сот.: 0-555-674-108 Nikita.

Saturday, November 13, 2010

Here I am, Kyrgyzstan.

Bishkek is a small city, but it is a capital city. That has more than one meaning for the people who choose to set up shop here for any period of time, be it a few days or an entire life. For the citizens of Kyrgyzstan, Bishkek is a city of possibilities. They come from all around the country to work, to go to school, to visit family, to protest, to party, and to just live their lives. For expats, it holds a lot of the same meaning as it does for citizens. Students, contractors, miners, military, volunteers, NGO workers, tourists, and any number of different types of people come here from all around the world to make fortunes, to try and save lives, and to try and learn something about themselves.

I came here to learn Russian. A reason like that sounds pretty boring, and it kind of is. On Monday, Tuesday, Thursday, and Friday I sit in a classroom from 8:30 in the morning until around 14:30 (2:30pm) in the afternoon. I didn’t come here for humanitarian reasons, or to examine political and ethnic tensions, I didn’t come here to make big money. I came here with the hope that I’ll be able learn what I need to do those things in the future.

When class ends, my brain is usually pretty shot. I walk home down one of the main roads and pick up a samsi or two from my favorite roadside stand. Samsi are fantastic little meat pastries they sell everywhere here. I make it home, relax, and study whatever it is that I should probably already know about Russian.

The payoff of making scratch marks on paper for a few hours a day is really quite amazing. There are few things like being able to walk into a room and completely understand what everyone is saying to you in a foreign language, and then respond. I get asked a lot of questions about where I’m from, how I learned Russian, and what I’m doing in Bishkek.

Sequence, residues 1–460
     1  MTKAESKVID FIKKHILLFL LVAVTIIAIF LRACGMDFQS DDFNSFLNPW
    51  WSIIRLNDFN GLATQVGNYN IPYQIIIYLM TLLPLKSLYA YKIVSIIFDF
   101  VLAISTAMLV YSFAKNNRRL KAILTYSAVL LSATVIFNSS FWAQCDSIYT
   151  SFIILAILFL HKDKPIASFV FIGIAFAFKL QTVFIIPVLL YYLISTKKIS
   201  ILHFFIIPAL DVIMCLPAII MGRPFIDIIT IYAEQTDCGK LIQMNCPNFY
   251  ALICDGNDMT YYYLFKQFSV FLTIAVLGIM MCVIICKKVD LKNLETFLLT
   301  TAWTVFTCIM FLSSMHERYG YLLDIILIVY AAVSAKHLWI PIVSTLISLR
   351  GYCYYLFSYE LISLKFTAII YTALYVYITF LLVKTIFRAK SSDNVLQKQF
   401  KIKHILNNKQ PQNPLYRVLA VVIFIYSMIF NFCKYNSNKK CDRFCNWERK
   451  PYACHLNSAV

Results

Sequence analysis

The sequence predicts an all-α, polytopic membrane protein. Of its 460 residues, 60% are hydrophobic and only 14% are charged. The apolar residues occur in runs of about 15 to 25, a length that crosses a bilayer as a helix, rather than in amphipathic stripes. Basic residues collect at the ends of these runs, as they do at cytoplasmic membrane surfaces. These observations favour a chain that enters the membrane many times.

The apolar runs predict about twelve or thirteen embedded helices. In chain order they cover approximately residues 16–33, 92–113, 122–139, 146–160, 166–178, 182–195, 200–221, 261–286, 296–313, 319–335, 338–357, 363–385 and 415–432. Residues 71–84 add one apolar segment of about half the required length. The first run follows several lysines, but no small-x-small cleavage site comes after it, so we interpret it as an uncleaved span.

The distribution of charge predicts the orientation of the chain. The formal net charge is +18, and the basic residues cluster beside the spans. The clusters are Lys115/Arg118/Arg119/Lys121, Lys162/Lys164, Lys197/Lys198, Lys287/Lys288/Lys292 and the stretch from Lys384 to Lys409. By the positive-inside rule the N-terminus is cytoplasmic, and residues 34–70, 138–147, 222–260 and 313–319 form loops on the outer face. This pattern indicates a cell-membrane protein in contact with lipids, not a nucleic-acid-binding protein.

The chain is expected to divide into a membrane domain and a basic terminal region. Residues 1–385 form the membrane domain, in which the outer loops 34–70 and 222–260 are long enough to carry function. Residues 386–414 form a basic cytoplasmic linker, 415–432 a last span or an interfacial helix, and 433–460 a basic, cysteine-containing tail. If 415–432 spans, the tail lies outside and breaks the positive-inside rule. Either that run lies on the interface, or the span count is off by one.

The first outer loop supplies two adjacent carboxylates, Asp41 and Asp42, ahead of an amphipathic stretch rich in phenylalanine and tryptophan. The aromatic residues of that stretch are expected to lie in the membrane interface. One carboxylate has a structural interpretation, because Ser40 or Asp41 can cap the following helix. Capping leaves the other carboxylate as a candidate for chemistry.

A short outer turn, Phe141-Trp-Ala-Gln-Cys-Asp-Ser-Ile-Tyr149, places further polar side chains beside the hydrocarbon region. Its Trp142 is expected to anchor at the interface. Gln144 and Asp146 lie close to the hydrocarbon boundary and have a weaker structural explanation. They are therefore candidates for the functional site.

Since winter will be setting in soon I figure it’s time to recap some of the things I’ve seen here. Life here is different from where I hang my hat in the states, quite different. The strangest thing I’ve found is that it feels like home here, even with the differences. Before I came, I saw nothing on the news about Kyrgyzstan other than pieces about death, war, destruction, and revolution.

Headlines read similar to: “Fledgling Central Asian Democracy Plunges into Bloody Revolution, with Ethnic Tensions Roiling into War in the South.”

The problem with that was not that the news wasn’t true. Quite a few stories probably accurately portrayed the pain and problems that came before and after April 7th. The real issue is that all of the media that only talked about war, death, and destruction, obscured the whole story of Kyrgyzstan.

So what is the true story behind Kyrgyzstan? It’s a long intricate story of many people with many interests. It’s one I am not qualified to tell. I can, however, talk about the people I’ve met and the stories I’ve been told. These are a few of my observations. Other people may have encountered different situations and opinions.